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Royal Bank of Scotland ditches packagers

Royal Bank of Scotland Intermediary Partners will no longer accept business from packagers.

The lender made the decision after a review of its distribution process and decided on streamlining the valuation process to eliminate packagers, which it says will produce a more consistent service to brokers.

RBSIP, which only used a small number of packagers, will still accept business from packagers if they are acting as direct brokers and will pay proc fees.

Last June, RBSIP was criticised by Hamptons Mortgages managing director Kevin Duffy for failing to embrace packagers within its specialist brand NatWest.

RBS spokesman Rob Davies says: “RBSIP has decided that all valuations will be instructed by us through one of our panel valuers and therefore a packaging fee will not be payable. In the majority of cases, this happens already.”

In the latest management shake-up at RBSIP, former BM Solutions sales and marketing director Chris Pearson has been appointed as director of intermediary mortgages, replacing Caroline Marsh who is leaving the firm.


The spins of commission

Forget all the media scare stories about up-front commission, says Lifesearch head of protection strategy Kevin Carr, as pure protection is an area of financial services where commission can serve the consumer well.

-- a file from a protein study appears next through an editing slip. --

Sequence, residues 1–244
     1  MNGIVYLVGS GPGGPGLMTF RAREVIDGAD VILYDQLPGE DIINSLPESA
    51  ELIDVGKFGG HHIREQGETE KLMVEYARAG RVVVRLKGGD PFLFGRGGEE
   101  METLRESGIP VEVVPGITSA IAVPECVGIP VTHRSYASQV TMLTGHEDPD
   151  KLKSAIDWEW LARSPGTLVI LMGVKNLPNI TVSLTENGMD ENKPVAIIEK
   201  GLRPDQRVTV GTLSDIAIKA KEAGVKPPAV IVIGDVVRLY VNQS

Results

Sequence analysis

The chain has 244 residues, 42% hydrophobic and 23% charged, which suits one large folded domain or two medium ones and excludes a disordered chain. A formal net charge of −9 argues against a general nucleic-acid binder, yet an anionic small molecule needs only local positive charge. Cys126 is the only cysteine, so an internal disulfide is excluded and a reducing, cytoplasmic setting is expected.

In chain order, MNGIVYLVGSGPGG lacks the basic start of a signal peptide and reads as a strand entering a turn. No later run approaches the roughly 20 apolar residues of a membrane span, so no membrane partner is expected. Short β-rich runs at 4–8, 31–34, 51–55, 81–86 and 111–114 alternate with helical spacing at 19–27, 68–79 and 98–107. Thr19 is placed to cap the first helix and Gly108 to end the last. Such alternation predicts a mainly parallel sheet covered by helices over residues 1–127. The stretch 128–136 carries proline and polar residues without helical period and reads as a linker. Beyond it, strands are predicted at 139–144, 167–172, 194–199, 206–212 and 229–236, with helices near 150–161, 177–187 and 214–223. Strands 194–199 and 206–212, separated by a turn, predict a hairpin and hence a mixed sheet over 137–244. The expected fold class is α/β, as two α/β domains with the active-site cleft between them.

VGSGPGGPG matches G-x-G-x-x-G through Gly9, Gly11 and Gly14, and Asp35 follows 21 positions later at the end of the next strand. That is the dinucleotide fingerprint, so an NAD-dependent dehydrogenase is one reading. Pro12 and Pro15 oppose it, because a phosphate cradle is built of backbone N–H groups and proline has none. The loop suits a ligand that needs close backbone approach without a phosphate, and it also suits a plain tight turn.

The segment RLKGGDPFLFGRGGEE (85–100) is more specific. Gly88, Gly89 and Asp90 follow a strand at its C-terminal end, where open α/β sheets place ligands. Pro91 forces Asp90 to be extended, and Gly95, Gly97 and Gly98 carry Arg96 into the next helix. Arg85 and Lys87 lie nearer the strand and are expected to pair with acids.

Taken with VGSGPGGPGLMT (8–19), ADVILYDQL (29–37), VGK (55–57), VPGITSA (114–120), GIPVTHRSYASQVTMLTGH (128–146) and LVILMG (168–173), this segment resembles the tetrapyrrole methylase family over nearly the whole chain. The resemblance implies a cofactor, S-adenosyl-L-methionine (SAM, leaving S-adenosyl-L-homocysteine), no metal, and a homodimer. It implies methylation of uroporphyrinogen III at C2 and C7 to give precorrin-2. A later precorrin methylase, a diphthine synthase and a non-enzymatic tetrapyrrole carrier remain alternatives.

Annuity options

Prudential head of annuities Aston Goodey says that as inflation bites into pensioners’ income, their only real alternative for making their money work for them is an investment-backed annuity and with-profits are a viable option.

India Election Update

What a difference six months makes. Speaking in September last year, we had warned of ‘excessive pessimism’ afflicting the market’s perception of India. Since then, responsible central bank policy from the Reserve Bank of India (RBI), alongside improving global growth, has meant that India’s macro environment is strengthening quickly. The current account deficit has shrunk, inflation is falling and the government has embarked on a heavy dose of much needed fiscal consolidation. As a result, the rupee has been one of the strongest global currencies this year while the market has touched all-time highs, rallying by more than 20 per cent (GBP) since September. This begs the question: are we now in a period of ‘irrational exuberance’? Not yet.


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